|Implemented in this survey?|
cost-effective home care
The main purpose of the Law on Social Support (which came into effect in 2006) is to make municipalities responsible for a set of health-related social services including family help (domestic care; e.g. housekeeping, simple supportive health services like bath help) which were previously covered under the Exceptional Medical Expenses Act (Algemene Wet Bijzondere Ziektekosten: AWBZ). The underlying idea is that municipalities are better capable than health insurers to manage family help services and to organise integrated care for the sick and the frail elderly at the local level.
Cost-effective (integrated) home care; main tools are decentralisation to municipalties and competitive bidding.
financial and non-financial (decentralisation)
Health insurers, Municipalities, client groups, users of health-related social services, provider organizations
|Medienpräsenz||sehr gering||sehr hoch|
An interesting policy idea; may be effective; highly unlikely that the reform will be revoked in future.
One of the political backgrounds of the LSS is to make consumers in health-related social services less dependent on public provision. If possible, they should organise these services themselves, for instance by means of informal care. Patients (clients) are only eligible to social support if there are no other options available. Another political background is that social care should be integrated with other public services, in particular housing, neighbourhood services, 'meals on wheels' and so on. The government believes that local government is better capable than health insurers to provide an integrated set of social support services. Opponents claim that the LSS is intended as a vehicle to implement expenditure cuts in health-related social support, but this is explicitly denied by the government.
There is a link with EU-legislation, because municipalities are obliged to meet the EU-regulations on public procurement (competitive bidding) when contracting with the provider organisations.
There is a need for cost-effective (integrated) care at the local (municipal) level.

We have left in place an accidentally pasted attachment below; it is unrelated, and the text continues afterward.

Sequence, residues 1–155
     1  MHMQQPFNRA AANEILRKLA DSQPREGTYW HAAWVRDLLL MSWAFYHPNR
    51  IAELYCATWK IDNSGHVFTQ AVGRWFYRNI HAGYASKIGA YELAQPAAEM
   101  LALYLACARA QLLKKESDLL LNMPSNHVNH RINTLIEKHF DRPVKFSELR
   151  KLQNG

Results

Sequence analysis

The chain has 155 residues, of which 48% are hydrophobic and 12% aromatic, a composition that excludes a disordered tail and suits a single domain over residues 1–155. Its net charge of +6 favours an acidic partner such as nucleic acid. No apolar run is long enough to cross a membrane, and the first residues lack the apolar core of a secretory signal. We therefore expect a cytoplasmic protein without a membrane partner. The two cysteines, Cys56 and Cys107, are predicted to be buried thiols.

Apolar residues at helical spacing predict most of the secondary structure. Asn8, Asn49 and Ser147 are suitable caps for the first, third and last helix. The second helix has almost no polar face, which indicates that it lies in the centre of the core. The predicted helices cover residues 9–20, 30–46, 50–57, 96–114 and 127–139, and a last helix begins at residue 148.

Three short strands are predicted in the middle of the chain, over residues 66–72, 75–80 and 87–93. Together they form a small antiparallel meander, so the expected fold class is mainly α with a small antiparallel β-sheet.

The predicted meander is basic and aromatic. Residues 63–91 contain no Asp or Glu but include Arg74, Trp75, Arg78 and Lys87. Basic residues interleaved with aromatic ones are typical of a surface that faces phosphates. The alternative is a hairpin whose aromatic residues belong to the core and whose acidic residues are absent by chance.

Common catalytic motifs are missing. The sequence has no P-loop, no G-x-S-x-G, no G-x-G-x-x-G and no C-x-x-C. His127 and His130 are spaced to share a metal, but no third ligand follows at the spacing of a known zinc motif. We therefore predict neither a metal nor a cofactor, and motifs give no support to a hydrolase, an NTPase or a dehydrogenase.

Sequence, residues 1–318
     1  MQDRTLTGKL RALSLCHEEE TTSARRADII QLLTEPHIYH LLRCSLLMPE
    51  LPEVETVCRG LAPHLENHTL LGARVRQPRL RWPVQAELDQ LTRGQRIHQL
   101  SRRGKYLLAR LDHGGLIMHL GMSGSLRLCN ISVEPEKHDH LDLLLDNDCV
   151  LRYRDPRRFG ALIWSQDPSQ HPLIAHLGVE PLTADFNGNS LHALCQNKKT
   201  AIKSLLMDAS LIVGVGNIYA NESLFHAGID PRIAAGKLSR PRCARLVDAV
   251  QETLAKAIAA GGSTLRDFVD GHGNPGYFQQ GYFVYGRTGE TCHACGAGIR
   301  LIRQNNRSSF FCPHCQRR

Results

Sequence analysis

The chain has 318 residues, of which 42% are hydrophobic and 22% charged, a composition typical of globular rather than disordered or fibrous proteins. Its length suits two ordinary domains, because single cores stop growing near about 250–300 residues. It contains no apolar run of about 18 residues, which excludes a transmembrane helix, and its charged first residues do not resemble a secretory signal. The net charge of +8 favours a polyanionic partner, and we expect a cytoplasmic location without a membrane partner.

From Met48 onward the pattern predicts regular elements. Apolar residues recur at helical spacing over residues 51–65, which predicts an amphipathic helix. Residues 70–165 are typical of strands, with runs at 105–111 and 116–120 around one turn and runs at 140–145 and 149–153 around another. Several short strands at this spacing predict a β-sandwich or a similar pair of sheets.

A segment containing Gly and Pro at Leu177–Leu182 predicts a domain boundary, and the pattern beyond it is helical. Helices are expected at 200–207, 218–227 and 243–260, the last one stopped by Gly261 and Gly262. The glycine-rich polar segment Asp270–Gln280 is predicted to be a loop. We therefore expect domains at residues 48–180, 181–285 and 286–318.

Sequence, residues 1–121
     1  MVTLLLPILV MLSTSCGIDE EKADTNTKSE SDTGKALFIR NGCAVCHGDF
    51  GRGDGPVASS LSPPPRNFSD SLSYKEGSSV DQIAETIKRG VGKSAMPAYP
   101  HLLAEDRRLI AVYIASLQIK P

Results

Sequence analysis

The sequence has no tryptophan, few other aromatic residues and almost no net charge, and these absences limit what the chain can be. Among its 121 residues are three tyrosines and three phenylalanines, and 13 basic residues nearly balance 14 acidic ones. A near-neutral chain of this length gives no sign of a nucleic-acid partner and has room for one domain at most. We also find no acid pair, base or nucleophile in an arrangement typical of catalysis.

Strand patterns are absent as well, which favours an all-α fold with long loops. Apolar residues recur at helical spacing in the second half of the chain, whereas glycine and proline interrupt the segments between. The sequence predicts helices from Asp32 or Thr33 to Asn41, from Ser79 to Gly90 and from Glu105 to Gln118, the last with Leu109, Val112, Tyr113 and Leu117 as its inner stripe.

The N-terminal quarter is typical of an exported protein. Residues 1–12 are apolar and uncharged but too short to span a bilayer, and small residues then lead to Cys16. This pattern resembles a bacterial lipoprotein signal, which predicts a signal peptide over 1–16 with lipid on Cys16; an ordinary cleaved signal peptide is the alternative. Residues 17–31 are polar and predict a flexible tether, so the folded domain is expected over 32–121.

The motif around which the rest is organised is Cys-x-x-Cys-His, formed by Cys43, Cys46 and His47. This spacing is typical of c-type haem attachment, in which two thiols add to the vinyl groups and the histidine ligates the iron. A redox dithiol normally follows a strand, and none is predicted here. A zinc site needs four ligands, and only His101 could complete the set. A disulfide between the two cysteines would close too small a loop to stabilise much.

|Implemented in this survey?|
The LSS which was initiated by the present government relates to the more general policy debate about the future of the AWBZ. The health-related social services now decentralised to municipalities were previously covered by the AWBZ, which is a social health insurance arrangement originally intended for exceptional medical expenses (mainly long-term care). However, since its inception in the mid-1960s various health services which had little or nothing to do with long-term care or exceptional medical expenses, were included in the health services package ('basket') of the AWBZ, mainly because of political opportunism. The LSS must not only create a more appropriate institutional setting for integrated care at the local level, but is also a policy tool to remove all those services from the basket of AWBZ which do not fit in its original goal: guaranteeing access to long-term care for the entire population. Thus, the LSS can be viewed an integral part of the ongoing health insurance reform (see also 2006-springtime report).
The LSS is best described as a new institutional framework for decentralising the provision of health-related social support to local government because municipalities considered the most appropriate government agent for delivering an integrated set of social support services to people who need that support to live independently as long as possible.
The approach of the idea is described as:
Local level - responsible for home care
Within institution - competitive bidding